Above is some of our finished syrup ready to put on pancakes, waffles and cornbread. This pint's sweet deliciousness was a long time in the making. First going back to the Native Americans who figured out the process to begin with. Several years back, I team taught a history class where both the students and I learned about Ojibwe sugar camps. Finally I realized that the vacant lot next to my house has two healthy maple trees that wouldn't mind being tapped.
This led to the family and I taking a class at Fort Snelling State Park where we learned about the process. At several points during our lesson Claire referred to her mom and I as nerds.
Later, Claire and her friends were an enthusiastic part of the tapping process. A spile in the trees filled the blue bags with clear watery sap. It had just a hint of sweetness straight out of the tree.
We collected about five gallons that we kept reducing in the wok on the left. We used the red pot to heat the sap to boiling before adding it to the reducing pot. Dips in the temperature of the sap while reducing the liquid makes for dark and unappealing syrup.Many sites we saw warned against reducing the sap indoors. A brisk wind outside and two open windows kept our kitchen from steaming up. It was great to use the consistent heat of our range burners.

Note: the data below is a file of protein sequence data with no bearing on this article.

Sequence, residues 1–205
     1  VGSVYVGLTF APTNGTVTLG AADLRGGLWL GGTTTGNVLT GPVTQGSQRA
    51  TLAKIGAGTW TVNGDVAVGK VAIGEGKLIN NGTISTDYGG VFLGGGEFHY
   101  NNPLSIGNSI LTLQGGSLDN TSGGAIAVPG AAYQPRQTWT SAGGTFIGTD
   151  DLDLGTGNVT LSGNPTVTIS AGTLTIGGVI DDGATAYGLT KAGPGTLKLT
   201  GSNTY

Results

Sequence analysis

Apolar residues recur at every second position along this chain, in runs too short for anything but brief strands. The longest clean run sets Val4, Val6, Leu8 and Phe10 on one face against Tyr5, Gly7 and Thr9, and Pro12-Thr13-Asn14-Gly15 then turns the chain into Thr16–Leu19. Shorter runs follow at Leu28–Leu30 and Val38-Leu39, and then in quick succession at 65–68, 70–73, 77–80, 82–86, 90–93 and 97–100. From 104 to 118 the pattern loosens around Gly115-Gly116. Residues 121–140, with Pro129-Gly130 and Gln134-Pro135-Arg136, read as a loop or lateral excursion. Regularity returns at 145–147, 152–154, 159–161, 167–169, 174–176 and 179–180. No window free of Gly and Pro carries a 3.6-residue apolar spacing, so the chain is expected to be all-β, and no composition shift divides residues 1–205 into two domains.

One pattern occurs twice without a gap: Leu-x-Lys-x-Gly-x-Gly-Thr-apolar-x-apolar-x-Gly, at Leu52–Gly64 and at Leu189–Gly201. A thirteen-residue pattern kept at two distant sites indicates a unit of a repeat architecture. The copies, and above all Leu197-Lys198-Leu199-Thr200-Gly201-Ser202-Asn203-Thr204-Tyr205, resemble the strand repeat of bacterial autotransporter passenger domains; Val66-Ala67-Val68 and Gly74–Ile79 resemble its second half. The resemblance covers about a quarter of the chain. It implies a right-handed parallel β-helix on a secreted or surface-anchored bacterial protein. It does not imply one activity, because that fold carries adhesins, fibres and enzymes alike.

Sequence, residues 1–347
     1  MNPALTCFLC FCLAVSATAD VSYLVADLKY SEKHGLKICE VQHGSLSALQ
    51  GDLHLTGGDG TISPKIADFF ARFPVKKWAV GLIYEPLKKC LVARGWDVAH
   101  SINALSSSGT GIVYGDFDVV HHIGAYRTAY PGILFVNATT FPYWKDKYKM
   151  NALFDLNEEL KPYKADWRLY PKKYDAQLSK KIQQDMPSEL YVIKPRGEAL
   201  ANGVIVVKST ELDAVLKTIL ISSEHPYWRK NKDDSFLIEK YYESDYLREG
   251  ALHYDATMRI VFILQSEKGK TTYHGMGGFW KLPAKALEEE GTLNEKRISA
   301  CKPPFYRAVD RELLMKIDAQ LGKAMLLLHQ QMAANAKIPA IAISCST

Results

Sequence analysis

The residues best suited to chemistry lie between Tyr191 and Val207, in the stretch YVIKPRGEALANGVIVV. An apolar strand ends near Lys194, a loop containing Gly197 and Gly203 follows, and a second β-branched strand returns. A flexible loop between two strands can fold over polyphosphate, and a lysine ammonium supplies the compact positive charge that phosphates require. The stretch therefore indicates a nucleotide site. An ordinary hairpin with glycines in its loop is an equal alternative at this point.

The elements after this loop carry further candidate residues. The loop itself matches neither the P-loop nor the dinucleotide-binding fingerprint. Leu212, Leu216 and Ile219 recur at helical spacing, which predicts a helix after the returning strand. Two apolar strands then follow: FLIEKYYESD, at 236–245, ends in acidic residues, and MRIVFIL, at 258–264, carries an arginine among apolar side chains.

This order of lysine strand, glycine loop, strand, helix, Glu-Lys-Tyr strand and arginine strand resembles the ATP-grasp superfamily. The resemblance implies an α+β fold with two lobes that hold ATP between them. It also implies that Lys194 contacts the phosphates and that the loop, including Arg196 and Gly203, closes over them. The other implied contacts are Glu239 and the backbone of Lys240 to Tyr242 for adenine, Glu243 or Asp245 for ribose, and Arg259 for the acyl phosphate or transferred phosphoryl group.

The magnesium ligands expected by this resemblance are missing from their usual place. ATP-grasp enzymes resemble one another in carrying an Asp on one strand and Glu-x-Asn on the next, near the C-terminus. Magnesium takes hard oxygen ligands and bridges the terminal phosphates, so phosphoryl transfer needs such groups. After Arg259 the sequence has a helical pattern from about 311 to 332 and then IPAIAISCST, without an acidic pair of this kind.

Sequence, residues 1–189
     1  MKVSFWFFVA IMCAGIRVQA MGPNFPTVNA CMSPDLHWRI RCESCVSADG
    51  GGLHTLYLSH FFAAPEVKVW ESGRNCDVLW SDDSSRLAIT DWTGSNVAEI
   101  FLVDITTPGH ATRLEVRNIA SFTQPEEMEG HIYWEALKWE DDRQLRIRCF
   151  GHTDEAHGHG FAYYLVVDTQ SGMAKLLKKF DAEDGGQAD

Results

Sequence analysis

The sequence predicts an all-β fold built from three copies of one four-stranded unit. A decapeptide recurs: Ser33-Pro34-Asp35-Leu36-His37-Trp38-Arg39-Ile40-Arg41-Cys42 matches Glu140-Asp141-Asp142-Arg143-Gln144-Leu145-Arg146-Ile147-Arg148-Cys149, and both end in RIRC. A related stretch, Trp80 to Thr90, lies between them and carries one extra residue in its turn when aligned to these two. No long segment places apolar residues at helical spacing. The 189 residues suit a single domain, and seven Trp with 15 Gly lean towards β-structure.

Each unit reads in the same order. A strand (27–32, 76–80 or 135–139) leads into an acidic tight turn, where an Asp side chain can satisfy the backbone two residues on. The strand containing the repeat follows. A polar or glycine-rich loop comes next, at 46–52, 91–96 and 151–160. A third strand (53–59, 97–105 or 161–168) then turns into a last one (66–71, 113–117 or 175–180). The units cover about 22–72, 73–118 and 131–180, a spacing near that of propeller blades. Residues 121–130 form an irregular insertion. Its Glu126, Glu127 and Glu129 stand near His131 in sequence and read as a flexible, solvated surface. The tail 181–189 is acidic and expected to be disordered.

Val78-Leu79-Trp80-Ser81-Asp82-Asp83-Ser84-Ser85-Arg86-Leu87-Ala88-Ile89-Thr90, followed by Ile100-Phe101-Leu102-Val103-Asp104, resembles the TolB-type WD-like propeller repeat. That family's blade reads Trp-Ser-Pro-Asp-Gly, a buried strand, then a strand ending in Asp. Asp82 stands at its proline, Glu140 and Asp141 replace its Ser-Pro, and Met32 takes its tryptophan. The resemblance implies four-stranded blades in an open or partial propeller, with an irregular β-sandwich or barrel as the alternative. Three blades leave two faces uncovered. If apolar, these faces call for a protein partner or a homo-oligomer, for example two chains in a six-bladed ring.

After all five gallons of sap condensed to fit into our wok, we used a thermometer with an alarm to help us keep from turning our syrup into maple sugar. As the sugar concentration goes up so does the boiling temperature of the almost syrup reduction. Our goal was seven degrees above the boiling temperature of water at our elevation and air pressure. We calibrated our thermometer, and found that water boiled at the normal 212F, so we shut all heat off at 219 degrees. Ling-Hui was the master sap collector and boiler. She did a great job. As I remember the women in the Ojibwe camps also excelled at these same tasks.
After hitting our target temperature, the wok now contains maple syrup. The minerals in the sap, however, make it cloudy and unattractive. The Chemex coffee filter system below turned our murky syrup into light amber goodness.
The purchase of materials, time and energy made this the most expensive syrup we have ever had. But, it was still a rewarding process with deep roots into the land and into the past.